PRIME MINISTER Imran Khan’s now famous voyage to Washington couldn’t have been planned for a better moment, and not just because of the Pakistan-US bilateral objectives it set out to achieve. The party’s local chapter was craving a show of strength that could reassure anyone who had come to harbour negative thoughts about the PTI during the first 10 months of its coming to power.
Casual conversations with random PTI supporters in the United States earlier this month, in the run-up to Prime Minister Khan’s visit, indicated that some doubts had crept in ever since the general election a year ago. There was also some talk about how groupings could emerge as a very natural consequence of a party having tasted power.
There was some tentativeness about which route and which go-between best guaranteed the pro-PTI aspirants’ access to the prime minister. It was in the fitness of things then that Mr Khan chose to spend the first anniversary of the Pakistan-changing election in the land of opportunity.
Success does keep people united, and the crowd that the skipper was able to draw could keep morale high as those responsible in the PTI go about making the necessary adjustments to ensure a smooth running of the party machine in a country strategically as significant as the United States. The event did catch the fancy of the diaspora and the numbers that collected in the arena in Washington to greet the prime minister made it difficult for those who wanted to protest the government’s policies during Mr Khan’s presence.
If you happen to be of a sufficiently wayward variety, you are likely to run into an angry Pakistani in New York or Washington these days.
It is as it has always been. The diaspora is important in the current battle of ideas, of space and survival in Pakistan — you would have wise men tell you. There is a visible effort to loudly silence any dissenters in Pakistan, a reality that is borne out by the repeated harsh rebukes by a person no less than the prime minister himself to people who do not agree readily to his line of action.
Traditionally, in such circumstances, expat Pakistanis have been very active in their struggle to make sure that some of the basic liberties remained with the masses living in Pakistan, and some international capitals have been placed in a more important position than others.
London is one centre that has constantly provided us poor Pakistanis with leadership apart from inspiring ideologies here. However, no one can beat the lobby-happy Washington and New York when it comes to acquiring the right bona fides in this single-power world that many leaders from around the globe might want to talk to as independent souls free of past afflictions, but that no one can ignore or think of escaping.
If you happen to be of a sufficiently wayward variety, you are likely to run into an angry Pakistani in New York or Washington these days. They could be a small bunch of free-world hopefuls perturbed by what they call attempts to control the democratic dialogue by subtle and not so subtle measures at censoring expression, mostly journalistic takes on issues and sometimes expert commentary on events.
They offer a full range of nuances only if you care to listen to what they have to say. They could be your maligned liberals out to offer services as mercenaries to all good causes, or they could be standing committed under a definite banner like that of the PTM’s.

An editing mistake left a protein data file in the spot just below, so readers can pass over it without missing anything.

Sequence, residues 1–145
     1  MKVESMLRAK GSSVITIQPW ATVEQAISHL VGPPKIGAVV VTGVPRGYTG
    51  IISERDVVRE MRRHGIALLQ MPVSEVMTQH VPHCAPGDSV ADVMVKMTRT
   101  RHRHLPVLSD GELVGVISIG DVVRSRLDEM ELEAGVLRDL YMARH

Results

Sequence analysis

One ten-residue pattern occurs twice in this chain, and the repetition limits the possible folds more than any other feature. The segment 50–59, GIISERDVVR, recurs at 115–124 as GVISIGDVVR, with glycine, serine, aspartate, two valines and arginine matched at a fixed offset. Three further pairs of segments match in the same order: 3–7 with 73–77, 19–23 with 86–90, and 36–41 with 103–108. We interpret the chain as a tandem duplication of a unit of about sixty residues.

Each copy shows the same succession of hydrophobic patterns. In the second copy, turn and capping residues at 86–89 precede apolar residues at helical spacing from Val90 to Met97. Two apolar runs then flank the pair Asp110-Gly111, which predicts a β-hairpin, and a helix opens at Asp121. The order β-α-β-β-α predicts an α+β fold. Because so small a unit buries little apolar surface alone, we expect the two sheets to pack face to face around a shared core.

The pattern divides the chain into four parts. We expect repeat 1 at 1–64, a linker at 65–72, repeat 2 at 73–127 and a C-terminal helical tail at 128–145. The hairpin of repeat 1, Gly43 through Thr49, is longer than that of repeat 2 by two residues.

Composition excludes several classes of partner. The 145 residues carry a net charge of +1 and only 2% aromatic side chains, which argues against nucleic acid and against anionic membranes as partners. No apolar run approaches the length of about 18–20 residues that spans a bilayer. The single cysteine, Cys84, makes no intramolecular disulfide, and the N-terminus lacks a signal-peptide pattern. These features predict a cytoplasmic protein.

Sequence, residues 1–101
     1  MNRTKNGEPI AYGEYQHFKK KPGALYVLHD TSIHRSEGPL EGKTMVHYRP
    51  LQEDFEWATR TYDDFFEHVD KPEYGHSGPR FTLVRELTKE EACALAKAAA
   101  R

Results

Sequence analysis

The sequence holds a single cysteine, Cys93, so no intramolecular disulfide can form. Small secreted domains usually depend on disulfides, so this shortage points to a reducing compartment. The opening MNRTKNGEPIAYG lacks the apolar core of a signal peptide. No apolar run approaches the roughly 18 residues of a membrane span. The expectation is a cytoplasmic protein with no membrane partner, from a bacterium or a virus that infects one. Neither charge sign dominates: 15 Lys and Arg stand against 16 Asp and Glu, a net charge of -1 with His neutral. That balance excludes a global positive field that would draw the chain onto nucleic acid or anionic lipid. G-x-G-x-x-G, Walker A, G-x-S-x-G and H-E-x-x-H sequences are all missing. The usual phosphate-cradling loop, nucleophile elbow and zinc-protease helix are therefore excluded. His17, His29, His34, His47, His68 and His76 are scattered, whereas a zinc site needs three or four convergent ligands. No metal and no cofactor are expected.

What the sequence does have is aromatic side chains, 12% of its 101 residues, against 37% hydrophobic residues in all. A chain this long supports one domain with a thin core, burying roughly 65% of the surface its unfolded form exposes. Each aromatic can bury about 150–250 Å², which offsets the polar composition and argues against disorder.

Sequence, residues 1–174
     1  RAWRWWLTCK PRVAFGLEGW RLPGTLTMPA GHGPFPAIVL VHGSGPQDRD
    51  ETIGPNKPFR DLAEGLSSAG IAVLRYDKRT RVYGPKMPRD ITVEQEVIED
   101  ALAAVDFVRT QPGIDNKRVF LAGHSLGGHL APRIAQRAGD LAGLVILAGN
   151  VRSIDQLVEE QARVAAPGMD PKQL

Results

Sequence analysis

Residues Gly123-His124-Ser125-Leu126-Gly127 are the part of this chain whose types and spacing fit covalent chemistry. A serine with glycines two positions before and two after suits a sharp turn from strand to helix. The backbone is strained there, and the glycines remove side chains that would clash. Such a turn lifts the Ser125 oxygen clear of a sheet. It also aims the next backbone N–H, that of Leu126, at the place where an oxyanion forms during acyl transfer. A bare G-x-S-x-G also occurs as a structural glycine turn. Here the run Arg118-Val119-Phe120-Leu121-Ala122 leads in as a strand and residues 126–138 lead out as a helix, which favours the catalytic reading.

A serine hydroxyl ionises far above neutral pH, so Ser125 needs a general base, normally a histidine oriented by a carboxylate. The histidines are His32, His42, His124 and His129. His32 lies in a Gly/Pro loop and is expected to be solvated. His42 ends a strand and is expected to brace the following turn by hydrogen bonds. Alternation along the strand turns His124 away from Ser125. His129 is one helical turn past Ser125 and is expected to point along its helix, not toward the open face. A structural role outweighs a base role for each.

Whoever they may be, the sense you get is that they are more aware and conscious of the size of their endeavour than they might have been in the past. Not in the least is this feeling of being far outnumbered, of being suffocated by the sheer presence of the mountain they are up against rooted in the PTI’s status of a party that has been shaped by expats’ desires. More than that, for many, it’s a party born of Pakistani expatriates’ dream for their country.
A big crowd, a huge crowd by PTI claims, gathered at the Washington arena will guard against any weakening of the force at the centre of the party. This was necessary amid the unwanted news about how the Imran Khan government was up against many odds in Pakistan, chiefly how it was struggling to set the economy right and the criticism it was drawing for its clear reluctance to allow a debate that includes all.
To top it all, the diaspora, at least a large active part of it hailing originally from various parts of Pakistan and now celebrating their association with Mr Khan Washington-style, does declare support for the prime minister at a cost to the marginalised whose grievances the government finds too hot to handle.
This fits in well with the apparent official policy of dismissing the random voices that complain — preferably, without a hearing, the critics of this one-remedy-for-everyone would say. The PTI doesn’t seem to mind, nor do large number of Pakistanis whose views resonate with the chorus against the corrupt and unpatriotic.
The largely attended public events reinforce the sense the PTI creates about having established a world apart for the Pakistanis — a world that exists exclusively, at a distance from not just who the government has condemned as corrupt, but away from many others who have been crying out for the acceptance of rights that are too basic.
This parallel world in Pakistan that no PTI-ite is willing to see can perhaps be more easily ignored as the party moves to the Donald Trump neighbourhood. It is not for nothing that the area has a reputation for not being receptive to any thoughts originating outside its own happy, dead assured circle.
The writer is Dawn’s resident editor in Lahore.
Published in Dawn, July 26th, 2019